Restart the project

Te Whau Pathway Environment Trust has created a quick guide to make it easy for you to let Auckland Transport know why Te Whau Pathway is vital for our community and why building it needs to be a priority.

Thank you to all those who made submissions to the Auckland Integrated Transport Plan.

On this page

Submit now to Auckland’s Future Transport Plan

Thank you for your submissions – the Auckland Integrated Transport Plan has now closed for consultation.

What is the Auckland Integrated Transport Plan?

It is an agreement between government and Auckland Council that sets priorities for funding various modes of transport and projects. The integrated plan will shape the decisions that are made, so it’s vital all Aucklanders take the opportunity to share their priorities.

>> Find out more abut the Auckland Integrated Transport Plan.

What else can you do?

  • Show us your support on Social Media #teWhauPathway
  • Follow us on our social media and share our posts!
  • Join our mailing list and be informed.
  • Share information about the project! Let everyone – from your friends and whānau to the Mayor and Auckland Councillors – know how much you want this pathway and how our community needs it to be a priority.

Why Te Whau Pathway is important

Te Whau Pathway Environment Trust has put together excellent information to share.

Connect existing pathways Te Whau Pathway will connect the Waterview, and Avondale to New Lynn Shared Pathway, the Northwestern cycleway (SH16), the New Lynn Transport Interchange and Te Atatū Bus Interchange.

Provide no-carbon transport for 113,150 cyclists and 226,300 pedestrians annually and generate 164,250 annual cycle trips – an increase of 5% across Auckland’s cycling network.

Offer safe off-road links, particularly for the 18,000 students attending 38 schools in the Whau Catchment Area.

Open up parks 33 under-used (and often unknown) local parks and reserves will be connected through the pathway

Build it so it lasts, for our children and grandchildren. We want a legacy for West Auckland and for Greater Auckland. Short-term solutions are just that – and ultimately end up costing more in the long run.

Directly benefit a diverse community of 92,000 Aucklanders

Create jobs 80 during construction and 10 jobs post-construction in bike services and tourism

Build it and they will come! Experience proves that everywhere shared paths are built they are immediately used and communities benefit.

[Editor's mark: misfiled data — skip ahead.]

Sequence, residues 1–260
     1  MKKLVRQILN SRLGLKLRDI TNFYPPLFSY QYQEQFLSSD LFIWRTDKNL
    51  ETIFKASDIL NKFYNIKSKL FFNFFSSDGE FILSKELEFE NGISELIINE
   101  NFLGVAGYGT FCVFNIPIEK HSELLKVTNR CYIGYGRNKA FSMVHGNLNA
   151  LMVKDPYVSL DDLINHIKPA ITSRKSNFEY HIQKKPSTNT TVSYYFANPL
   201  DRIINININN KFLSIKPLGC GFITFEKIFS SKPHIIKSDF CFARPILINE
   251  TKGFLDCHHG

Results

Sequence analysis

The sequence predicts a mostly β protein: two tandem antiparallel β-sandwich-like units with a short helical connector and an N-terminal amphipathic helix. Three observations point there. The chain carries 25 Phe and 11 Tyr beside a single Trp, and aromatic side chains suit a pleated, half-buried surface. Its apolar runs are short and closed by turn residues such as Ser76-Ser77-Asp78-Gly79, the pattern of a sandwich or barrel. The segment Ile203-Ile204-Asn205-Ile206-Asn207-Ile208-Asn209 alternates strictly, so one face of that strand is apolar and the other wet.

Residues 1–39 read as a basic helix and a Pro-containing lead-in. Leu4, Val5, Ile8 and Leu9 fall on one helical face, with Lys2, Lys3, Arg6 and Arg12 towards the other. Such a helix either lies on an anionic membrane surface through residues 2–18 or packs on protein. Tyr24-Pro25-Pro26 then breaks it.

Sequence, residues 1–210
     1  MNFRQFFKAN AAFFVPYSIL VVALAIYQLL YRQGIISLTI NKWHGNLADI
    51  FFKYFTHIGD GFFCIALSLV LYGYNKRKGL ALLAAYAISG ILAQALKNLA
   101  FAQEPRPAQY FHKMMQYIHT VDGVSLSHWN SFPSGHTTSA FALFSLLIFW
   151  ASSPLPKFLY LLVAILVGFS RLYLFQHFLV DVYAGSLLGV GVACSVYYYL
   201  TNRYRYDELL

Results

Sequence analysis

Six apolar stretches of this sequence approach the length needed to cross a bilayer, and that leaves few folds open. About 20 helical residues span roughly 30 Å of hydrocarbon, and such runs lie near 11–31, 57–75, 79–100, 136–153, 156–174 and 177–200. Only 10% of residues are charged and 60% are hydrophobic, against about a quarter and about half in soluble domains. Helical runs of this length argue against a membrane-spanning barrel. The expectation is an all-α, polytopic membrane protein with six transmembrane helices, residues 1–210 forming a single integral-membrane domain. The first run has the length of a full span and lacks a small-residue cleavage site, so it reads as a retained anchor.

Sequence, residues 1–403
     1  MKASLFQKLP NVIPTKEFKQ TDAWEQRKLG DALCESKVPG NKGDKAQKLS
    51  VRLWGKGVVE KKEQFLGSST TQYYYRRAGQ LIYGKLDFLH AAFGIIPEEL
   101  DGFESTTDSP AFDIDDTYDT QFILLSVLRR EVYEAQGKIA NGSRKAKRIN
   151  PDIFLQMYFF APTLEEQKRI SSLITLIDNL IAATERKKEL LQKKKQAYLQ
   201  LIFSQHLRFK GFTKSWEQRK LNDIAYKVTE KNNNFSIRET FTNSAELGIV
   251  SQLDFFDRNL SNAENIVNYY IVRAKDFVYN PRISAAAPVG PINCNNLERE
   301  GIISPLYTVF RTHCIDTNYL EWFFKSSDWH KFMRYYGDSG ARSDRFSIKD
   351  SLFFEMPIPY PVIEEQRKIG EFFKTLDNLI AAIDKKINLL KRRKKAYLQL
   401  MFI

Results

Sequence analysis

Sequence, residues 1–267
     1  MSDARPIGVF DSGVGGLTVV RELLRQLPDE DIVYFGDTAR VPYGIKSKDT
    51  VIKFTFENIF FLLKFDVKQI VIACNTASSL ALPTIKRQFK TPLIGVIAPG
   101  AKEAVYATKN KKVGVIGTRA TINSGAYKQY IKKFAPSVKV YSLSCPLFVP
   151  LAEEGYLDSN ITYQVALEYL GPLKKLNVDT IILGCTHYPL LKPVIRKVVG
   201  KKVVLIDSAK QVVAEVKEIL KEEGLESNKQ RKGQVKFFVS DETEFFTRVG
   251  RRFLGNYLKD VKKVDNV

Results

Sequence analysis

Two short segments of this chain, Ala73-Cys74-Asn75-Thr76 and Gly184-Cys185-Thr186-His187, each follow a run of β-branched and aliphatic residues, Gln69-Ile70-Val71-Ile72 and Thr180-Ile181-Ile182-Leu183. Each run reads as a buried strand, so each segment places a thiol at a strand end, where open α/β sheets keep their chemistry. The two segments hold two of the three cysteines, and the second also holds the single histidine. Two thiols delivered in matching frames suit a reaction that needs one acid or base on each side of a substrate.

Attract tourists This pathway gives unique wetlands setting and double harbours access to this unique and beautiful area will attract tourists – similar to the new bike harbour pathways Dunedin and New Plymouth and the Waikato cycleway.

Improve physical health of Aucklanders It will provide healthy exercise and recreation options for walkers, cyclist, wheelchair users and parents with push chairs, as well as, for water sports

Improve mental health of Aucklanders Access to water and recreation is good for the mind and soul!

Environmental and water quality improvements Contribute to improved water quality – so one day we can bring back safe swimming and fishing!

Cultural Connecting communities via a waterway rather than by road; providing events, competitions, arts and getting on the water.

Thank you for your support

Big shout out to all our supporters who managed to make a submission to Auckland Council’s Annual Budget. This closed on 28 March 2023. In April, the Council will consider these submissions and by early June they will make a make decision.

Also thank you to those in our community who continue to support this project and see it as a priority for West Auckland.

Why the project is paused

On 23 February 2023, Auckland Council staff presented a report on Te Whau Pathway Project at the Governing Body meeting, seeking further direction due to a funding shortfall.

The Governing Body directed that the project continues to be paused for up to six months. This is to allow time for Council staff and Project partners to investigate additional funding options, alternative design options and to review design specifications.

Background information

The Government has provided $35.3 million to build a walking and cycling path from Te Atatū South to New Lynn, along the banks of the Whau. It will open up one of the most beautiful parts of Auckland, for recreation, commuting by bike or foot and linking the homes and businesses of over 100,000 people. It will also link 38 schools and provide an alternative, safe, off-road way to get to and from school.

The first stages are between the Northwestern cycleway and Roberts Field in Te Atatū and a bridge connecting Avondale to Kelston. This is what Government money was granted for. However increased construction costs means that we need the Council to allocate an extra amount in its Annual Budget, to keep this vital project going. It will do this if it hears loud and clear that the community wants this path.